Graffiti Or Not Graffiti

“Graffiti is an impulse to get recognized.”

— Mint&Serf

“Graffiti is one of the few tools you have if you have almost nothing. And even if you don’t come up with a picture to cure world poverty you can make someone smile while they’re having a piss.”

— Banksy

I walked out to the mailbox today. There was graffiti.

Three hours later I drove by our mailbox. There was new graffiti.

Clarion call?

Graffiti divides me.

On one hand, when done well, it can command attention. It can be a clarion call. It can add color to an otherwise bland suburban concrete existence.

On the other hand, it can just be the mark of another dog.

These conflicting thoughts about graffiti relate to a common question about giving time.

I’ve heard many people say you shouldn’t get involved. It’s not worth your trouble. People will turn on you. People don’t need help, you’re just enabling them.

Perhaps, that is true. An offer of help could backfire. An offer of help could be refused. An offer of help could result in a worse situation.

In my experience though, that isn’t the case. As long as I’m thoughtful about how I give my time, and make a genuine effort to understand someone else’s needs, it’s always worked out.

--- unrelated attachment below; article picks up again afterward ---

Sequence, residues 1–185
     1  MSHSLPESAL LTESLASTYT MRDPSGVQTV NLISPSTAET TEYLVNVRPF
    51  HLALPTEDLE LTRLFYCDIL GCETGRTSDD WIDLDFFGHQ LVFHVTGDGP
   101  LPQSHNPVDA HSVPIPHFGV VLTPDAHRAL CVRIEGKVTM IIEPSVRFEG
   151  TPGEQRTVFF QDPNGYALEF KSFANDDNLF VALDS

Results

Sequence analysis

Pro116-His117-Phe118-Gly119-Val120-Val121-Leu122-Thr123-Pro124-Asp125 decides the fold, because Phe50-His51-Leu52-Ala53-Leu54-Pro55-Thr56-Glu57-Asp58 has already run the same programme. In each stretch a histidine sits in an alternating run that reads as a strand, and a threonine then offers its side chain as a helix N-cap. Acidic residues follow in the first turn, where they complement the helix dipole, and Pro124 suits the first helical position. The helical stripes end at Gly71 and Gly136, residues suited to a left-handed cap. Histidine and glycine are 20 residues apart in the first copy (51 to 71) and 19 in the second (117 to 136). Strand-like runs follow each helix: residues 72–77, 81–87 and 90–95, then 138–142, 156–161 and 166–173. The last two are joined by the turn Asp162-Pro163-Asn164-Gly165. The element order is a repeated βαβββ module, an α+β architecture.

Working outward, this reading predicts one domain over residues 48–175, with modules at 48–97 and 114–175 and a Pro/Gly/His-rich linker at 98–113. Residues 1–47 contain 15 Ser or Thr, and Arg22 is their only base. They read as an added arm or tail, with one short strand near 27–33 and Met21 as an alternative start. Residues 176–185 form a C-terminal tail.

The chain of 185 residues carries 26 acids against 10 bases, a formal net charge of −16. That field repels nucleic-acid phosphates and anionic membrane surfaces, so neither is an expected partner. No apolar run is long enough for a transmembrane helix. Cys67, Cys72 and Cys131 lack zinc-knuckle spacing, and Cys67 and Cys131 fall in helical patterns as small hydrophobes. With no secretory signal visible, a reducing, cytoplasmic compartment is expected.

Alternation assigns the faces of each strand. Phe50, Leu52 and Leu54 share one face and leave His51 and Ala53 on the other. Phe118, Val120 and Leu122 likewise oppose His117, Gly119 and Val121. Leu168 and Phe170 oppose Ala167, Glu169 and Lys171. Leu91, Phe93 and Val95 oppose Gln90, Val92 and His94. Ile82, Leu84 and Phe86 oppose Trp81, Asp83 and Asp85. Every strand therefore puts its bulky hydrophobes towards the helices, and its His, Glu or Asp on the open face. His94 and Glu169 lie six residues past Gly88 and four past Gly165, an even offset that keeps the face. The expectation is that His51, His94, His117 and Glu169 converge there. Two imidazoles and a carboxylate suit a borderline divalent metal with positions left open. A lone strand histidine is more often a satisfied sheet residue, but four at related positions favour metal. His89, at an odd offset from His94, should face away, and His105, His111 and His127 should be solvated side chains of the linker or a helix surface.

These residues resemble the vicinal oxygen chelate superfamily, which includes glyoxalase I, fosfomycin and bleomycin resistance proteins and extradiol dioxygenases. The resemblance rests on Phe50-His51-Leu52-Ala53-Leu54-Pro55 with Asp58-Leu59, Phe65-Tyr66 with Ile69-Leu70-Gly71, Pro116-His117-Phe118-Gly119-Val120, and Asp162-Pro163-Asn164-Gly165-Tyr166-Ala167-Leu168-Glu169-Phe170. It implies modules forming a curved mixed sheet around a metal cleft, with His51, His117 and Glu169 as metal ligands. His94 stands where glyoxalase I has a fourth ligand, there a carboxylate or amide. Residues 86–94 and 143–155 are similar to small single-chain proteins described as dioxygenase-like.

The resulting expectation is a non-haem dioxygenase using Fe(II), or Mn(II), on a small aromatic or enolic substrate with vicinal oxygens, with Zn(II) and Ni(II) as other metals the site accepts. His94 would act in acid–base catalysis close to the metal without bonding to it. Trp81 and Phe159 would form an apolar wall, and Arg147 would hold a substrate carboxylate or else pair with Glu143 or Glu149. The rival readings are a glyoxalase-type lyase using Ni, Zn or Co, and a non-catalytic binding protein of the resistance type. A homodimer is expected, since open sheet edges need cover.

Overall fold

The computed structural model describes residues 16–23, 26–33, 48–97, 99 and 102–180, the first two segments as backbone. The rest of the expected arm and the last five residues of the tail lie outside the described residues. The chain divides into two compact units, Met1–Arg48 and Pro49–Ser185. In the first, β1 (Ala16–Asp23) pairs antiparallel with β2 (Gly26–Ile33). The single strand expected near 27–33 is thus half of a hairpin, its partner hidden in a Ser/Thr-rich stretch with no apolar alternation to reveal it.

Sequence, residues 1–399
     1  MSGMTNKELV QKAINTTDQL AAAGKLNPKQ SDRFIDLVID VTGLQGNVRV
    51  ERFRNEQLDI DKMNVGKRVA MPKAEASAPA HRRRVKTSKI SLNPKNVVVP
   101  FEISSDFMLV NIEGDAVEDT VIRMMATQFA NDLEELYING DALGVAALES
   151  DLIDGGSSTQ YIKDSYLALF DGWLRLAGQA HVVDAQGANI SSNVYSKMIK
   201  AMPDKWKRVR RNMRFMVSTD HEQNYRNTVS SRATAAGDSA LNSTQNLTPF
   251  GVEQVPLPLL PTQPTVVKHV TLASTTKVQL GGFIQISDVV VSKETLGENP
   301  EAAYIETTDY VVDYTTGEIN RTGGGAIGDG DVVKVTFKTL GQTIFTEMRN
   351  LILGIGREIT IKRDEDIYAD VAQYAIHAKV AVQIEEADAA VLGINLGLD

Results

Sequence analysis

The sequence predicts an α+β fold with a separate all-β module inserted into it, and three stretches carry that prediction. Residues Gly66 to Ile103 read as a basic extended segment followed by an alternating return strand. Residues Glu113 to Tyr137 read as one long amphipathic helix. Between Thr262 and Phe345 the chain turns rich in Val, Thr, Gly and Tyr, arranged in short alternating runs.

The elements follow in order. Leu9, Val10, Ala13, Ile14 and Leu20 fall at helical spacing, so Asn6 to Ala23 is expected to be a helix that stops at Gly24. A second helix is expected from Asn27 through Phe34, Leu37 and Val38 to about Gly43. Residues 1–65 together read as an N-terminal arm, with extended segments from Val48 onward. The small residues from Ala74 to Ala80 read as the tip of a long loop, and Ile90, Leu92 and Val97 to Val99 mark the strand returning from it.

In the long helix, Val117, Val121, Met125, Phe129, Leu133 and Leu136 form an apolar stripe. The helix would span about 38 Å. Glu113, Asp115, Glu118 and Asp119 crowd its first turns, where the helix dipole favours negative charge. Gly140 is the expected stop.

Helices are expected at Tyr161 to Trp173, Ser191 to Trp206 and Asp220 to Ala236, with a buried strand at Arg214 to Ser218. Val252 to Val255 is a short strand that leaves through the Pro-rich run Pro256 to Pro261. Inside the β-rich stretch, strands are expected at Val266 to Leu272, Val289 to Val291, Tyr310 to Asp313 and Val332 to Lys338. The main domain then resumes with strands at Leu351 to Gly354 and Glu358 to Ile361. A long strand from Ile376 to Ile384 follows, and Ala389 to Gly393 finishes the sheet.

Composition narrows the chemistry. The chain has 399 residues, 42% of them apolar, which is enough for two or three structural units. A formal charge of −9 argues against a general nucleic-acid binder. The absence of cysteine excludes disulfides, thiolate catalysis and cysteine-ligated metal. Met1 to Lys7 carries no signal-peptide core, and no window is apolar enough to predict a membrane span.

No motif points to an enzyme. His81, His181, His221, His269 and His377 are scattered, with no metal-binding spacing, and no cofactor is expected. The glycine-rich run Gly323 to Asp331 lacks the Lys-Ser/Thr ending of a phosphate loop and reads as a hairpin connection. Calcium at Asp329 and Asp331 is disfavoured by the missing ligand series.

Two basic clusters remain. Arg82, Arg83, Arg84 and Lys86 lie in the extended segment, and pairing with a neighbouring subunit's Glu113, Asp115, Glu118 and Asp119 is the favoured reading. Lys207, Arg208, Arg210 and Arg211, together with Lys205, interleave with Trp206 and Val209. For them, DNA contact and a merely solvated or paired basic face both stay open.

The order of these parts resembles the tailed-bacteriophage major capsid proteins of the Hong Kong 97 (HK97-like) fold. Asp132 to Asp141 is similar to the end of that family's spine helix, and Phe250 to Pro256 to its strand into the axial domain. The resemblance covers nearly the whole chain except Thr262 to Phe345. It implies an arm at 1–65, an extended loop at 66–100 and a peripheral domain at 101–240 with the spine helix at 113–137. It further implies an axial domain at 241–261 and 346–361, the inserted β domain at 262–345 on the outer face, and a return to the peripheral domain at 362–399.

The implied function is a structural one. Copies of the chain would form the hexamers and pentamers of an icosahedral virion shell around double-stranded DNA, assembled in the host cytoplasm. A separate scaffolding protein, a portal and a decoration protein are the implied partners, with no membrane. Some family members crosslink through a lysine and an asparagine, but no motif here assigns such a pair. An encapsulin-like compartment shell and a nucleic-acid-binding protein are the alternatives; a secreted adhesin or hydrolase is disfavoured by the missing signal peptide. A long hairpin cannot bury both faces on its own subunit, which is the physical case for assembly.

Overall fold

Hindsight is twenty/twenty. Foresight is not. It never is. No matter what we do, it’s always a matter of using your best judgement and taking action. We can’t predict what will happen next.

I don’t know if the graffiti in our neighborhood today was a clarion call or a dog leaving it’s mark.

It looked like the latter.

Today’s “gift” of time – Contacted the authorities to report a little vandalism in our neighborhood.

Yet, I wonder if one man’s vandalism is another man’s art.

About Eric Winger

Our perception of time is key to how we use our time. The most fundamental way to change that perception is to give our time. This opens us up to new opportunities and ideas from which we can build to really make a difference. ... Yes, we *do* have time to make a difference!
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1 Response to Graffiti Or Not Graffiti

  1. Pingback: The Small Things Do Actually Make A Difference | Resolve To Give

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